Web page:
Twice Denied Plane Seat, Sikh Sues for $60M

An East Meadow man who is a member of the Sikh religion has filed a $60-million civil rights suit charging that he was twice barred from boarding flights at Long Island MacArthur Airport last year because his religion forbade his removing his turban for security checks.

Tejindar Singh Kahlon, 65, filed the suit yesterday in U.S. District Court in Central Islip against the Town of Islip, which operates the airport; Southwest Airlines; and security firm International Total Services. The suit says officials refused to search him with a metal detector or by touching his turban while it was on his head.

Sikhs consider removing their turban in public the equivalent of going naked, and the U.S. Department of Transportation said requiring Kahlon to do so was a violation of federal anti-discrimination statutes, according to Kahlon's attorney, Thomas Liotti of Garden City.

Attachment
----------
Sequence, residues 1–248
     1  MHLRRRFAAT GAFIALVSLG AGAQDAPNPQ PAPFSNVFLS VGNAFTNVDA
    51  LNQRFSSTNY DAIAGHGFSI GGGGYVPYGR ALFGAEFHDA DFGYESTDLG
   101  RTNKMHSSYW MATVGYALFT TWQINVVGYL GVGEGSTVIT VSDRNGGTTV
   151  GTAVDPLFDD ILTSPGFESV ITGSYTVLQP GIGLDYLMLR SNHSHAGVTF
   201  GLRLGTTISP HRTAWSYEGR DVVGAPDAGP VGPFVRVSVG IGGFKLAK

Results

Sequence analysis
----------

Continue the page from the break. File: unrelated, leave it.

Kahlon, an attorney who is a hearing officer at Nassau County Family Court, was planning to take a Southwest flight to attend the wedding of a friend's daughter last Oct. 25 when he was asked to step off a line of passengers for the turban search, Liotti said. The flight was six weeks after the World Trade Center attack.

A Southwest manager told Kahlon that if he returned the next day he could get a flight and would not have to remove his turban, Liotti said. But when Kahlon returned, the manager said an Islip security official insisted he had to remove his turban. Kahlon was unable to attend the wedding, the lawsuit says.

Kahlon, who was born in Pakistan, has been a U.S. citizen for about 30 years, Liotti said.

"I have known Ted Kahlon for twenty years," Liotti said. "He is a first class gentleman, citizen, attorney and judge [who is] devout in his religious beliefs ...It was a flagrant denial of his civil rights, a humiliating and thoroughly embarrassing occurrence for which he is entitled to substantial recompense."

Islip spokesman Michele Remsen said the town does not comment on lawsuits. Southwest's Christine Turneabe-Connelly declined to comment because they hadn't seen the suit. The security firm could not be reached.